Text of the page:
At a critical juncture in the growth of Wilton Manors, one of the people tasked with guiding the city into the future is leaving.
Kim Allonce, the city’s Economic Development Manager, has resigned. His last day is Oct. 25.
Via email, Allonce said he plans to take time and explore his professional opportunities.
“I really enjoyed collaborating with residents, businesses, and community stakeholders that truly fostered economic growth for our city. I also am very proud of the new and existing businesses I have had the opportunity to work with. Supporting and empowering them is my favorite part of economic development.”
Allonce’s tenure has seen lots of new business activity in Wilton. City Commissioner Chris Caputo praised his accomplishments, saying, “I am happy to report, as a result of great collaboration and hard work between Kim, city leaders and our very engaged community, we’ve attracted quality developers and the right sort of mixed-use projects to the city as well as having increased the overall number of active businesses in the city. There have been over 200 new businesses in 2022 already!”
City Manager Leigh Ann Henderson said people inside City Hall enjoyed working with him over his two years on the job.
“Kim is professional and collaborative. He’s just excellent for us.”
“We’re grateful for all of Kim’s work during his tenure in our city. We wish Kim the best of luck on the next stage in his career,” Caputo said.
Mayor Scott Newton echoed that sentiment saying, “He’s a nice gentleman and worked very hard for the city.”
Focus On the Future
Despite the aforementioned accomplishments and a steep increase in private business, multiple people inside city hall were expressing concern. They say the city’s needs were changing and some wondered if he could continue effectively addressing the community’s evolving needs. Despite those concerns, Allonce said he wasn’t pressured to leave.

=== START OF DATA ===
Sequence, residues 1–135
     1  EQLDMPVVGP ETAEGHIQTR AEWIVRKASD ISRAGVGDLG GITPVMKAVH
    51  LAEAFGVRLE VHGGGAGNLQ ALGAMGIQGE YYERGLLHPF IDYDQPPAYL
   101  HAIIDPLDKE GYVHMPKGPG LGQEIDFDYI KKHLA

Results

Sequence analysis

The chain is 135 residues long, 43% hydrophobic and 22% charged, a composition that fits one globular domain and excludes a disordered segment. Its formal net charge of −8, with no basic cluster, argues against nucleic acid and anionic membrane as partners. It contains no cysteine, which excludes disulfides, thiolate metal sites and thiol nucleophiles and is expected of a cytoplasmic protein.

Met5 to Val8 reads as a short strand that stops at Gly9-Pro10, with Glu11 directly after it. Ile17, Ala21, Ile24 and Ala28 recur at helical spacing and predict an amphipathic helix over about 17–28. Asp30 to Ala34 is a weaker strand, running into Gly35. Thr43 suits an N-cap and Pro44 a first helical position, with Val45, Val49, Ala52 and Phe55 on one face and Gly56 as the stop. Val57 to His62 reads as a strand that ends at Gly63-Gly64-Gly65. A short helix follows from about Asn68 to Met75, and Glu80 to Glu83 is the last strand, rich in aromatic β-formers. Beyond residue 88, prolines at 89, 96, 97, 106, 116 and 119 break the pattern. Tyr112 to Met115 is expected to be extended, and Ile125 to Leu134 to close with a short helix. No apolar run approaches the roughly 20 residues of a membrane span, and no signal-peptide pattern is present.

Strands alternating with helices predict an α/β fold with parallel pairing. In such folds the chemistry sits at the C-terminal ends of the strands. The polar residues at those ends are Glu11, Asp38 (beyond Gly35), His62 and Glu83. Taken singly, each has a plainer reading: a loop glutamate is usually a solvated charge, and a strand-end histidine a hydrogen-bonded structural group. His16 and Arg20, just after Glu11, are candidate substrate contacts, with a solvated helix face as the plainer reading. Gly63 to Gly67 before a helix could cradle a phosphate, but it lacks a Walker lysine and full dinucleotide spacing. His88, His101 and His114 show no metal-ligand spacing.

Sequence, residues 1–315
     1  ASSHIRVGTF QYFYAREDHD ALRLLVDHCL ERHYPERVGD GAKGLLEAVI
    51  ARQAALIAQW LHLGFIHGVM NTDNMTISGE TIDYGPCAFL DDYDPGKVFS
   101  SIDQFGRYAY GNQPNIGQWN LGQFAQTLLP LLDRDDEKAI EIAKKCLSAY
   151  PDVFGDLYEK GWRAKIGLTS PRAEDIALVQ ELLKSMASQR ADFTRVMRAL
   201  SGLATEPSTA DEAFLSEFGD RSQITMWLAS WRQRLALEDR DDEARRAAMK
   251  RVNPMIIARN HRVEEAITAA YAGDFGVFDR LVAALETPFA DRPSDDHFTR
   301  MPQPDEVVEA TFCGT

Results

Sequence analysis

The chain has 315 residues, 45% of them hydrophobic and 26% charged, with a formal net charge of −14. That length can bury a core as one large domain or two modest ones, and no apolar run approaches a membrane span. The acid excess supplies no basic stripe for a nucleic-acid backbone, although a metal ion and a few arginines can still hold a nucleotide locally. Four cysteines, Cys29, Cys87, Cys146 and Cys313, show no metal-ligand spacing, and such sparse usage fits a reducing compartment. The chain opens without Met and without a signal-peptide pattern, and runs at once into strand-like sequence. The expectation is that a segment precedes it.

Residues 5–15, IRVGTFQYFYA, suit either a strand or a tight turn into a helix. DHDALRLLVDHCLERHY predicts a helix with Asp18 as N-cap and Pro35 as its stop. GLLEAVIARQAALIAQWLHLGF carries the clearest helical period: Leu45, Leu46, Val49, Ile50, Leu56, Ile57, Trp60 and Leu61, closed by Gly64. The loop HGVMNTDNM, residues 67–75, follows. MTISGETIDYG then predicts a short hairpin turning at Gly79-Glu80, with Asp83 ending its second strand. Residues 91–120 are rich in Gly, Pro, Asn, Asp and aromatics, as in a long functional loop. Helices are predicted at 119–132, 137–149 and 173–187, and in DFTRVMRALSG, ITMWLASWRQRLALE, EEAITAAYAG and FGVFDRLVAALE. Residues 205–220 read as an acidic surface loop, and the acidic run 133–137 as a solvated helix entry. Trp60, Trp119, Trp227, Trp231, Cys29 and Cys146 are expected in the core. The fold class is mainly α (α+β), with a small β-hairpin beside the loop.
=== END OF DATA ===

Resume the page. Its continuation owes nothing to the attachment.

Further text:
The position was conceived around 2018-19 and Allonce came on board in October 2020.
“At that time we were in a period of economic stagnation,” Henderson said. “We were looking for a catalyst for economic growth. Much has changed.”
Going forward, the position may grow and evolve to meet Wilton’s new needs.
“We’ll look at where the city is and the best options for development going forward,” Newton said.
He also noted that occupancy in the city is at about 95%. Henderson said that gives the city leverage when bringing new development to the city.
“We’re building and it’s an opportunity to fill [retail spaces] with ones we want, not just the first ones that are willing to sign a lease.”
Caputo wants to explore all options open to the city.
“My fellow commissioners and I will discuss our changing economic development needs to determine how best to achieve our goals and support economic development going forward.”
Allonce has been working with developers to make sure all new development, retail and residential, fits in with the city’s vision. While the city decides what the job will look like going forward. Until then, Henderson and Community Development Services Director Roberta Moore will be working with developers.
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